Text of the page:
The construction industry faces multiple challenges.
Terry Buchan is the General Manager of Major Projects at Hawkins Construction Company.
OPINION: New residential construction in Aotearoa New Zealand is plagued by a “perfect storm” of problems: record demand, labor shortages, supply chain uncertainty, soaring material costs.
Across the country, builders and contractors struggle to keep all the balls in the air, while owners wince when their deadlines and budgets explode.
Solutions (like so many building materials) are rare. In commercial construction, best practice models developed by industry leaders may be the way forward.
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By having your contractor and subcontractors think and act more like a commercial construction company, you can navigate and mitigate the worst effects of the “perfect storm” that will otherwise slow and increase the cost of your new construction.
The elephant in the room (still unbuilt) is a risk. Or more precisely, who owns the risk? At Hawkins, we deliberately launched a tender to move as far away as possible from fixed-price contracts, where traditionally the risk of rising prices is held by a single party.
As a future owner, you may feel like you’re “winning” with fixed price contracts. But the cost to you, and to New Zealand, is unsustainable. No one in the construction industry, whether a sole proprietor or a multinational construction company, can afford to absorb ever-increasing costs. Businesses fail, demand exceeds supply, and prices rise. The end result is fewer homes at higher prices.
Hawkins took a different approach. Rather than trying to better calculate risk (crystal balls are hard to come by in the midst of a global pandemic), we choose models that share risk more evenly between client, prime contractor and sub-contractors. contractors.
Two-stage bidding contracts with a pre-agreed margin and fixed preliminary and known general (P&G) details. Trades are then progressively allocated according to design to minimize delays in pricing during procurement. This model allows for the early purchase of longer-term items and generates certainty in the market.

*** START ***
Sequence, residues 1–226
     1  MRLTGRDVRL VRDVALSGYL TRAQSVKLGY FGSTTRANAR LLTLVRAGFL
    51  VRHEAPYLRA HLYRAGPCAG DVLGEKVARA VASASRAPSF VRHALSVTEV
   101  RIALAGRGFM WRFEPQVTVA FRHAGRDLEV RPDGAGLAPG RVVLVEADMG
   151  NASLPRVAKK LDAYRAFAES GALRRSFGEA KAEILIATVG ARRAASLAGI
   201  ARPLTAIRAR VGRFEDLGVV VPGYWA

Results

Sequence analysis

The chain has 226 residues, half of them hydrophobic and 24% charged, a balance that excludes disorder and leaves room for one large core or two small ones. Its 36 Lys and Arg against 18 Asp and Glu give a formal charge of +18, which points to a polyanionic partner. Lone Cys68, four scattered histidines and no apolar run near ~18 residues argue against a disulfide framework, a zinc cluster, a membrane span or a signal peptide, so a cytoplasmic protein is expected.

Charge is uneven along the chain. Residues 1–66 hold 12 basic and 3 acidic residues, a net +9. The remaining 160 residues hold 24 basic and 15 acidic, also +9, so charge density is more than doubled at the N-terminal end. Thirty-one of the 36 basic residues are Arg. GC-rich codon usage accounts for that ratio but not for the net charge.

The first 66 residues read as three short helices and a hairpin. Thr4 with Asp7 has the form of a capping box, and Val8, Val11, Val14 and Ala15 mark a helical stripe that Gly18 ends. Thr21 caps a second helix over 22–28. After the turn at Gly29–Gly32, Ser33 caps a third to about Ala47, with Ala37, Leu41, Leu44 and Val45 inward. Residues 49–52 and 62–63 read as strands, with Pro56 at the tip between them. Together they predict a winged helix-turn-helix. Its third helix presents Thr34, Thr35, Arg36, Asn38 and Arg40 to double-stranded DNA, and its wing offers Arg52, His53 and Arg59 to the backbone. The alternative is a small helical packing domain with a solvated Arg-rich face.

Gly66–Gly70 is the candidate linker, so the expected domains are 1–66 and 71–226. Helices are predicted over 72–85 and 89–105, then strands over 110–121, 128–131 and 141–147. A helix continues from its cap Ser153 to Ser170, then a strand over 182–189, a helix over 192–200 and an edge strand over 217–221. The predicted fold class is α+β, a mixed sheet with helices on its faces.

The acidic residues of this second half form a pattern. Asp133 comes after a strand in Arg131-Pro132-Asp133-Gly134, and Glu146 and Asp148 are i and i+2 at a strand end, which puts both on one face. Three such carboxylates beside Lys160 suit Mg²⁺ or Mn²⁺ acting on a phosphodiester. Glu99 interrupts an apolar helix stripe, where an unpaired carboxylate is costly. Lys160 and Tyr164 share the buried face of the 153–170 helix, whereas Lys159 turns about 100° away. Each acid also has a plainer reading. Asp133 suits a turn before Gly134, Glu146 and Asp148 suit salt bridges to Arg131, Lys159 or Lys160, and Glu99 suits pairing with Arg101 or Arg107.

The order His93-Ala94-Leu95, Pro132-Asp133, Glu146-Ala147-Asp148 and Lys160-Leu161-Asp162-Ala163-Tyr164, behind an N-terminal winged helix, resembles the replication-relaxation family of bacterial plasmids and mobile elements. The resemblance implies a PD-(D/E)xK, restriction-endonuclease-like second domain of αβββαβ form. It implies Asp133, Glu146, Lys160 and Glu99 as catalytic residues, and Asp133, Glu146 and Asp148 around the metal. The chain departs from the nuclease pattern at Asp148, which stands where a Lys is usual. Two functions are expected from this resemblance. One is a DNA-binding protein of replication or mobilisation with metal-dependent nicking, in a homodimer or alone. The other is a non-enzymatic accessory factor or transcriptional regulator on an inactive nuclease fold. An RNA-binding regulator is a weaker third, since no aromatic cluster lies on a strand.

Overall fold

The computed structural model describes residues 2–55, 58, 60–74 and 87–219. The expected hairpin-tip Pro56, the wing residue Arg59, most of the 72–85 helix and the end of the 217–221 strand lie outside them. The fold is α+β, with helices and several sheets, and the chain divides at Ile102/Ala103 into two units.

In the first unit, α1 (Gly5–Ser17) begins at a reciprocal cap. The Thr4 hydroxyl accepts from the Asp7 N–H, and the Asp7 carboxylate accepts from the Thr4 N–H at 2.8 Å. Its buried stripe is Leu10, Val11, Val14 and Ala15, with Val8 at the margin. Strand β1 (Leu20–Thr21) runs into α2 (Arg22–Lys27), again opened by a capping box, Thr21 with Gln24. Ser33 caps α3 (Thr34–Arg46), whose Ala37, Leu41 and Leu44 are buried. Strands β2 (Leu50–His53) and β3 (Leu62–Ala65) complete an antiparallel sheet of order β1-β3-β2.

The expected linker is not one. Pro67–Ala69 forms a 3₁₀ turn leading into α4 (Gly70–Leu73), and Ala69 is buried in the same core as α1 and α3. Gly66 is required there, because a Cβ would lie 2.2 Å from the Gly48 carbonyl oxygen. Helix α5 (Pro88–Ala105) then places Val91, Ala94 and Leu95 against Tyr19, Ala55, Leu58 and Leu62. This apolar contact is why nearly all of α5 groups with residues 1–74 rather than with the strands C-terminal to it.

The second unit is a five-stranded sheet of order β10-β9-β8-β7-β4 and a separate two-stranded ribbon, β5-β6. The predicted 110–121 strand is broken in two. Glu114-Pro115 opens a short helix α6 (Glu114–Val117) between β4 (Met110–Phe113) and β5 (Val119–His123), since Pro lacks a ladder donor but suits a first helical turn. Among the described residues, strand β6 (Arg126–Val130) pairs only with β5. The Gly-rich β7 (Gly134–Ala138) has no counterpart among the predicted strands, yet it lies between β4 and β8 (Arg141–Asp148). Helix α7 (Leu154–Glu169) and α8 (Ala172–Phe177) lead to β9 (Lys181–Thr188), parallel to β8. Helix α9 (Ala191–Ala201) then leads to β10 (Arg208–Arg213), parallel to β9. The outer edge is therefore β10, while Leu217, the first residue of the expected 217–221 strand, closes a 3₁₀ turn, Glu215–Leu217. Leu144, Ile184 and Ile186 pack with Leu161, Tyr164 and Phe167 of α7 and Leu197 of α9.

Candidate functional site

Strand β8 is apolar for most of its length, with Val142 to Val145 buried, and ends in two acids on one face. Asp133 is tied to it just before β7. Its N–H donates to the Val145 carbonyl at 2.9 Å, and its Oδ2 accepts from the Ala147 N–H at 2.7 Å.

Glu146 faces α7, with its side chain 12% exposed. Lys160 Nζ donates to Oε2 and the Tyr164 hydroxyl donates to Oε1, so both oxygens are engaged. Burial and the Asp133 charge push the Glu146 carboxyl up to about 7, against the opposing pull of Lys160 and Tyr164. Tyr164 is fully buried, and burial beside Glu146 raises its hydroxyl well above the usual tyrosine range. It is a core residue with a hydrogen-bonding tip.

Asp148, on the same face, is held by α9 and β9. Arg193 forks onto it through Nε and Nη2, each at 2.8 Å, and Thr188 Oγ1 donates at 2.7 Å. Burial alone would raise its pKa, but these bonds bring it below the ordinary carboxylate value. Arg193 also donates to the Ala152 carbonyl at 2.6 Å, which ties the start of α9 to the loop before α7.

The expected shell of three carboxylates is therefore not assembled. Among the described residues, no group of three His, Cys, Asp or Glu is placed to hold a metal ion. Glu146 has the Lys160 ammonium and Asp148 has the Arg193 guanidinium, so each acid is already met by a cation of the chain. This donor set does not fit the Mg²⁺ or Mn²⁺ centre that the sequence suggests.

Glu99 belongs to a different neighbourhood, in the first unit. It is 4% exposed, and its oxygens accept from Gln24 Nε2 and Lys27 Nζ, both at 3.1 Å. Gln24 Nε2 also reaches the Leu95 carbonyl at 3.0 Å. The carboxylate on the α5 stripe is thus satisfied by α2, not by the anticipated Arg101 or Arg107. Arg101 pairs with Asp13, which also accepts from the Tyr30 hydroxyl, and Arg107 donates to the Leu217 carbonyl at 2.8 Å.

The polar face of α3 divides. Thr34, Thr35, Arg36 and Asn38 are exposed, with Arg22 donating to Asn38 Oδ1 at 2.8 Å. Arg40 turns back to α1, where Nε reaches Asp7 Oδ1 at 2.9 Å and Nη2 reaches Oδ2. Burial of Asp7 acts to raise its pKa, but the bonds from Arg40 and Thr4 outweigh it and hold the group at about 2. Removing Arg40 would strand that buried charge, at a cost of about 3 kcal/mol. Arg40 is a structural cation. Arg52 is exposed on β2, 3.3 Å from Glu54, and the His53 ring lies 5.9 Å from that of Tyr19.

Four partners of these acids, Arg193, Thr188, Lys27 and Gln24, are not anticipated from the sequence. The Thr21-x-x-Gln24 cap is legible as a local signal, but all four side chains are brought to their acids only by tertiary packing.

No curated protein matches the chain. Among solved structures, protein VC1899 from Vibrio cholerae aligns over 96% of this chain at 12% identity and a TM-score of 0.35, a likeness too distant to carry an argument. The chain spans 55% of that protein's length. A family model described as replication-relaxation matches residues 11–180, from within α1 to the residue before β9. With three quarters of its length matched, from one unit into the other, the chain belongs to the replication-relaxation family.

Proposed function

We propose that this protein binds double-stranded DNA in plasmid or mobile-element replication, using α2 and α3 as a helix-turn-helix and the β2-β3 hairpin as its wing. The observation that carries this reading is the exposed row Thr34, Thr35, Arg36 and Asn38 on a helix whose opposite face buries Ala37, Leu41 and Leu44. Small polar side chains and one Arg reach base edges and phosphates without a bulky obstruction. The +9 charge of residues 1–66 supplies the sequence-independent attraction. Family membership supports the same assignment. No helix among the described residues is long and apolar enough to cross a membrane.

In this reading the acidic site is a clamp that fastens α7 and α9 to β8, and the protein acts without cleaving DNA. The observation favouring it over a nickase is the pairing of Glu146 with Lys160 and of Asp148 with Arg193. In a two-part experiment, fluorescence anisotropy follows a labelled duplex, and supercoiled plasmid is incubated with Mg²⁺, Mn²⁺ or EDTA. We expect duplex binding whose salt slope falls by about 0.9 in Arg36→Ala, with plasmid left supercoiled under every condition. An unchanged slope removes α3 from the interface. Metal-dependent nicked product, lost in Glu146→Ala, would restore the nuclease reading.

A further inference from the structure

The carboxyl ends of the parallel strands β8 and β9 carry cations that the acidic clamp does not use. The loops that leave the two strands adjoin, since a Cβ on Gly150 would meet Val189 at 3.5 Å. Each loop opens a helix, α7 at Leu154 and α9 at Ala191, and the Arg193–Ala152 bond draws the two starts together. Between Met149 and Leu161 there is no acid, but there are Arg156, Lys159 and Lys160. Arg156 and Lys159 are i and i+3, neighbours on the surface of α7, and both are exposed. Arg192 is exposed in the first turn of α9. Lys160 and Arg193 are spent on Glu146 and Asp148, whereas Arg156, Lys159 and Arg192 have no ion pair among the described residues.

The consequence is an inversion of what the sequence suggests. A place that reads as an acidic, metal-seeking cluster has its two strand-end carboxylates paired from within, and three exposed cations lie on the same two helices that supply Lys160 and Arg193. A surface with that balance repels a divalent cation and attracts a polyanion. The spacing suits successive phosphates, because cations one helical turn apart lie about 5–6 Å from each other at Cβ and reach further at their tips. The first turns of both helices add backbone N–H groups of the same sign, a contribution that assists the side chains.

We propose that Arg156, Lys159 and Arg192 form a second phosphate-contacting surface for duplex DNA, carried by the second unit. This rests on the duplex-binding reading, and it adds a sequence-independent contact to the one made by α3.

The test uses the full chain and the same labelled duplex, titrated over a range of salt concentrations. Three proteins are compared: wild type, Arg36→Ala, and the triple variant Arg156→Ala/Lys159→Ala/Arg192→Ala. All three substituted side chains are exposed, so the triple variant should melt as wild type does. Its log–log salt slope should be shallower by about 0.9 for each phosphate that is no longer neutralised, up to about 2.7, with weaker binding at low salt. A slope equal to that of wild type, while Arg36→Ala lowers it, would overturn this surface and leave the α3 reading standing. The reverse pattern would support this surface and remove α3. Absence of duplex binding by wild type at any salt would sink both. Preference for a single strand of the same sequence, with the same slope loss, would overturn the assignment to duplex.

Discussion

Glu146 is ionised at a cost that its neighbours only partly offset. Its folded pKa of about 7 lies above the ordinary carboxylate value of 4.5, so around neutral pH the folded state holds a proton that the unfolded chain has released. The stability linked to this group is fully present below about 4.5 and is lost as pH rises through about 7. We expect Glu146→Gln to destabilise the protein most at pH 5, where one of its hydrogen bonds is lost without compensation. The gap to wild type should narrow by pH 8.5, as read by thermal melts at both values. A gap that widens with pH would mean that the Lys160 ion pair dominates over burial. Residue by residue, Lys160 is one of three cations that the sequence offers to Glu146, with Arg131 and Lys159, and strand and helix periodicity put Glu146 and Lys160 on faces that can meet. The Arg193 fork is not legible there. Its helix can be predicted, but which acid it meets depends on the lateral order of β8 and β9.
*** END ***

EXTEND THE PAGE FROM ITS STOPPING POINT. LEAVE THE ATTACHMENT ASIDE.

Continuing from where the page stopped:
The second thing new home builders can take from Hawkins’ playbook is early contractor involvement (ECI). This is easily done in a two stage tender contract and means that you will run your design and procurement in parallel while getting input from the contractor and specialist trade.
Without ECI, owners are essentially choosing from a catalog with outdated prices. Yes, you may be able to afford the cost of that Italian tile today, but how much will it cost in a month when your contractor comes on board? How much will it cost when the tiler orders it once the frame is up? How much does the project cost when supply chain issues delay its arrival and everyone has to shut down their tools for weeks?
ECI helps all parties, from the architects and designers to the main contractor, sub-contractors and of course the client, to better understand what the real material costs and delivery times are and to make better decisions accordingly.
ECI leads to better planning, better decision-making, fewer delays and lower costs – and not just for individuals. Avoidable delays hit trades in the pocket and make consistent job offers farther away, more attractive.
At a time when our borders are closed and demand for new homes is at record highs, we simply cannot afford to send our New Zealand-trained workers across Tasmania.
The other thing New Zealanders may no longer be able to afford is bespoke design. Commercial construction has already moved closer to the European and North American model where you choose from a smaller set of standard fronts and finishes (still premium).
This does not mean that we have to live in houses that all look the same. Individual style can be created where materials are not integral to structural design and weather sealing. But significant savings can be made because materials can be imported in bulk, in advance.
These are difficult times and many things will remain beyond our collective control for some time to come. However, by sharing the risk more equitably, working more collaboratively from the start, and standardizing certain aspects of design and materials, New Zealanders will be able to afford to continue building the new homes we so desperately need and need. we want.